Blog// For Birthmothers

Labor & Delivery: 6 Totally Normal Things to be Nervous About

pregnant woman worried about labor and delivery

Fear of unknown, along with stories shared by other moms usually stress out most birthmothers as they get closer to their due date. There are some things related to delivery and labor that birthmothers might be nervous about.

 1. A Painful Labor

This is usually a top fear. The truth is that contractions do hurt, but there are many options for managing that pain, such as an epidural, pain medication, changing positions, and using a birthing tub. Imagining all that pain is scary, but you need to remember that your body was made to do this, including the pain and all. No matter what birthing method you choose, make sure to research every option first so you know what to expect and you're prepared to make decisions quickly when necessary.

2. A Long Labor

The average first-time labor lasts 18 hours on average. There are multiple stages of labor and the length of each stage is different for every woman. In an early labor, depending on whether you decided to take medication, you may have time to rest and prepare for the second stage of active labor. Be sure to bring with you things you can do to pass the time or distract yourself during the early stage of labor, like books, magazines, or a tablet.

3. Having Your Baby in the Car

There are very few women whose labor progresses so quickly that they don't make it to the hospital. Labor, especially a first-time labor, lasts many hours, and the chances of this happening to you are pretty slim. If preparing yourself for the possibility of this happening will help ease your fears, you can pack a few extra supplies in your hospital bag to have on hand. Click here for some more helpful tips for if you happen to find yourself in this situation.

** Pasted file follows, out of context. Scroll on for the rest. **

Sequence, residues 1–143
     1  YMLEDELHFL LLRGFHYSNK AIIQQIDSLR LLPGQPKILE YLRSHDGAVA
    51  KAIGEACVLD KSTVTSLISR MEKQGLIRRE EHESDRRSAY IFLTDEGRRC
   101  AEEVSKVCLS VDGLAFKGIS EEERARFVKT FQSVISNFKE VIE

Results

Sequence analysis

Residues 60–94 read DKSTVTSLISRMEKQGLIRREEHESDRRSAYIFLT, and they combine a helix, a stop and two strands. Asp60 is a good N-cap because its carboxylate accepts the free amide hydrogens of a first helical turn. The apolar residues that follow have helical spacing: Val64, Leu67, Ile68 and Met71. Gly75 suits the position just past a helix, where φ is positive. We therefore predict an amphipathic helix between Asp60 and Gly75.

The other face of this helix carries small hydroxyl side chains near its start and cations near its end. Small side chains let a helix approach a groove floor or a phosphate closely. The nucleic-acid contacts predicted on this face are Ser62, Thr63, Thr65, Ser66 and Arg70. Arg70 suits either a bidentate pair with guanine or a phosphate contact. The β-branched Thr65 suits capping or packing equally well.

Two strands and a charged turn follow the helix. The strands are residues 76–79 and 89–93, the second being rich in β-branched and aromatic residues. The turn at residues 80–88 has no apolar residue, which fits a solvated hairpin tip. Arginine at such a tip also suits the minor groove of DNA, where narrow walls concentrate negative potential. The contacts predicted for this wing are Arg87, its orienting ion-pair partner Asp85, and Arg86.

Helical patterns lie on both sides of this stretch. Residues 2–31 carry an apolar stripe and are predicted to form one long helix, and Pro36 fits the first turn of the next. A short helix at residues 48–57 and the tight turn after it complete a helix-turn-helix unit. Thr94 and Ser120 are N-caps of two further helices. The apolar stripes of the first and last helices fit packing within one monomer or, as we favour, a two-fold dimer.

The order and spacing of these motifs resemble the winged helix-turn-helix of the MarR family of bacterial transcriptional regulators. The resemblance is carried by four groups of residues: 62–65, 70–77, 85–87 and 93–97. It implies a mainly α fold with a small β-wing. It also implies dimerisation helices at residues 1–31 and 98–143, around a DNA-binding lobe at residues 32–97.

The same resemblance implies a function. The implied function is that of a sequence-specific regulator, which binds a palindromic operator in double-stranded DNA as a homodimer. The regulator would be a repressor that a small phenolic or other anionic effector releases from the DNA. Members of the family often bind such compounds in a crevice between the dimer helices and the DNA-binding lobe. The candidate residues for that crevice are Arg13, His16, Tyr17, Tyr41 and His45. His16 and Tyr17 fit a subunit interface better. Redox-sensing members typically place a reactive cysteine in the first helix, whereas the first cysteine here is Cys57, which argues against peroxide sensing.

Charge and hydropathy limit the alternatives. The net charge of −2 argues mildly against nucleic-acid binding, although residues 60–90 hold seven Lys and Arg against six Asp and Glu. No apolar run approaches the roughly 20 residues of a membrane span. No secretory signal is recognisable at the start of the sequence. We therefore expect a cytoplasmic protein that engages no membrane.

4. Having a C-section

A C-section is always a possibility for any women giving birth, whether it’s on your birth plan or not. More than 32 percent of births are done this way for various reasons. If you want to leave a C-section as a last resort, be sure to talk to your doctor about this. If your doctor determines you need a c-section after all, try your best not to worry. Every hospital is well-equipped and ready to perform the procedure and take good care of you.

5. Delivery Complications

This fear is definitely a very legitimate one for every woman giving birth. However, the majority of the things that can go wrong will probably be detected while you’re still pregnant. While there are some complications that can present themselves during labor and delivery, just keep in mind that you will be surrounded by a team of expert healthcare professionals whose job is to keep you and your baby safe and healthy.

6. Nervous about the Adoption

It’s normal to feel nervous about placing your child for an adoption after he or she is born. Seek support in your friends, family members, counselor, social worker, or someone else you trust. Keep reminding yourself of the reasons you made an adoption plan in the first place. It's also very helpful to take care as many things as possible with the adoptive parents and your adoption professional beforehand, so you’ll feel less stressful and emotional when this moment comes.

If there's ever anything you need, never hesitate to contact us, day or night. Our adoption specialists are always standing by to take your call. Best of luck to you — we know you can do it!

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